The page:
Unlike many frustrated Americans – especially right now – I like the French, I love France, I love the way French women dress and move, and I love French electronic pop (Mellow, Air). The French do seem ot have an unfortunately grand vision of their place in history, but I can live with that – so do we.
But I am having a hard time coming to terms with their stance toward Iraq: either it is cold calculation for mostly domestic political gain, knowing full well that that they cannot stop a war against Iraq; or they really do think they can stop the march of history, and seek to do so for fear of what will be discovered of their complicity and duplicity regarding Iraq when the dust settles.
I hope and believe it is the former, but if it is the latter then no amount of female sex appeal will save their place in history from what could be the moral equivalent of a second Vichy.
Even mild-mannered internationalist diplomat Colin Powell is turning against them:
- “It cannot be a satisfactory solution for inspections just to continue forever because some nations are afraid of stepping up to the responsibility of imposing the will of the international community,” Powell said in comments that followed weeks of increasingly irate exchanges across the Atlantic.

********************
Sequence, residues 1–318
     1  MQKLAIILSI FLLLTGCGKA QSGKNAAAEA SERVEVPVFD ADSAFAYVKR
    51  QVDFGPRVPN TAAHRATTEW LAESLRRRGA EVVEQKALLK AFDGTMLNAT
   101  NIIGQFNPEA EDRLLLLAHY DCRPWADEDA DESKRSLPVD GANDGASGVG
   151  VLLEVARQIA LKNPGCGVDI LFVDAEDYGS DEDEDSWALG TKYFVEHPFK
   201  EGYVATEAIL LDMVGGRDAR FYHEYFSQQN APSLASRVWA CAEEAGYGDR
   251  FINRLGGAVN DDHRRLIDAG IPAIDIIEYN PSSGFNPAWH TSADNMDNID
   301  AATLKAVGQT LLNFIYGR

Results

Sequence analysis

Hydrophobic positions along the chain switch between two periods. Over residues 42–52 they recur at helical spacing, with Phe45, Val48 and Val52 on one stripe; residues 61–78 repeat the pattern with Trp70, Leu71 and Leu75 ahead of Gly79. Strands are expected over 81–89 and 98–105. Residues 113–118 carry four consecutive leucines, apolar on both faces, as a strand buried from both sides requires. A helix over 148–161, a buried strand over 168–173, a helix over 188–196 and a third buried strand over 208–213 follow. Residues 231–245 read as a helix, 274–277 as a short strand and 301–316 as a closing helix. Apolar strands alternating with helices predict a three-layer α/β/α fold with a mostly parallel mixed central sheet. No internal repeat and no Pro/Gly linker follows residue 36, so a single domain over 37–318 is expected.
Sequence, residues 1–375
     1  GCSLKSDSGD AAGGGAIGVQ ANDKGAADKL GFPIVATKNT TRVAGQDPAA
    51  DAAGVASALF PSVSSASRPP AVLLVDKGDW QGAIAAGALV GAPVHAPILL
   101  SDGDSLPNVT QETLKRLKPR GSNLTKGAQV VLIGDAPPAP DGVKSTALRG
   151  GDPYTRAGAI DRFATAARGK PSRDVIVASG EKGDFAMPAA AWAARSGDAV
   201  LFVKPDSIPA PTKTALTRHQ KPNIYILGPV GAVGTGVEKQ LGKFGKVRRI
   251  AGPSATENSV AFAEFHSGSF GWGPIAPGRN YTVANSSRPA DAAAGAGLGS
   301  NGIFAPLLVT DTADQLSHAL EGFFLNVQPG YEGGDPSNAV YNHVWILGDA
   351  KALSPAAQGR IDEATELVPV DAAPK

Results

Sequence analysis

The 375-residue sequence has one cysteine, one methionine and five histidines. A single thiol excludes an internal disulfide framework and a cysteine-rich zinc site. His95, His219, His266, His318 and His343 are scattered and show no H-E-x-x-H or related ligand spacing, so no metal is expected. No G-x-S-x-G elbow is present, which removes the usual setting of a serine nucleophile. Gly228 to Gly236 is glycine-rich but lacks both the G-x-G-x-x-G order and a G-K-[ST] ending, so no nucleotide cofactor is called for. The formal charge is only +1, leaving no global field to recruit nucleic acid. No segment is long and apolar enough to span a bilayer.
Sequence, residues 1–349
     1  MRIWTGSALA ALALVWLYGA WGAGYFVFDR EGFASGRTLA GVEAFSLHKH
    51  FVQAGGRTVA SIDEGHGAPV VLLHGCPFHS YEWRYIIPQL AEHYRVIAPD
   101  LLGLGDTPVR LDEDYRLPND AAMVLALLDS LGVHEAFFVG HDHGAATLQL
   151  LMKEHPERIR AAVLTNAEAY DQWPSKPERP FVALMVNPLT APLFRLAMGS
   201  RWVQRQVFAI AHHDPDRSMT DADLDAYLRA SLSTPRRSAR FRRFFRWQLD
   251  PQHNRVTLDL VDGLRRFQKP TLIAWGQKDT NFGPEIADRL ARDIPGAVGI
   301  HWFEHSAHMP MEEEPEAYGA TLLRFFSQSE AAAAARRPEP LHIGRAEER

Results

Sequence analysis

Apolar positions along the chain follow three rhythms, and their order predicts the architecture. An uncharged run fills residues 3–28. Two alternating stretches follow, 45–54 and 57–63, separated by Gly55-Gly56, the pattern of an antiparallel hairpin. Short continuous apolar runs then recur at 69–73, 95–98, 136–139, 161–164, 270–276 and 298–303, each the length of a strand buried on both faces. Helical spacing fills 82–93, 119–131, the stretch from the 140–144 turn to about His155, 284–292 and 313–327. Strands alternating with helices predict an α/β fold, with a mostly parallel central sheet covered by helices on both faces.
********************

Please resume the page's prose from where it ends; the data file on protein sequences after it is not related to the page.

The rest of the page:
….Powell’s comments, in an interview broadcast on Wednesday by French public radio France Info, were a clear reproach to French President Jacques Chirac, who has pushed hard for a longer, more intense inspection process in Iraq.
….”It is not a matter of more inspectors or a longer inspection process. French colleagues think that that is the issue. That is not the issue in our judgment,” Powell said. Baghdad must provide answers to specific questions such as the fate of banned weapons it previously admitted having.
Some of Chirac’s critics accuse him of turning Powell, a fellow advocate of the United Nations’ role in the Iraq crisis within an otherwise skeptical U.S. administration, against Paris by taking too hard a line against war. [Reuters]
Right now he doesn’t seem to much care.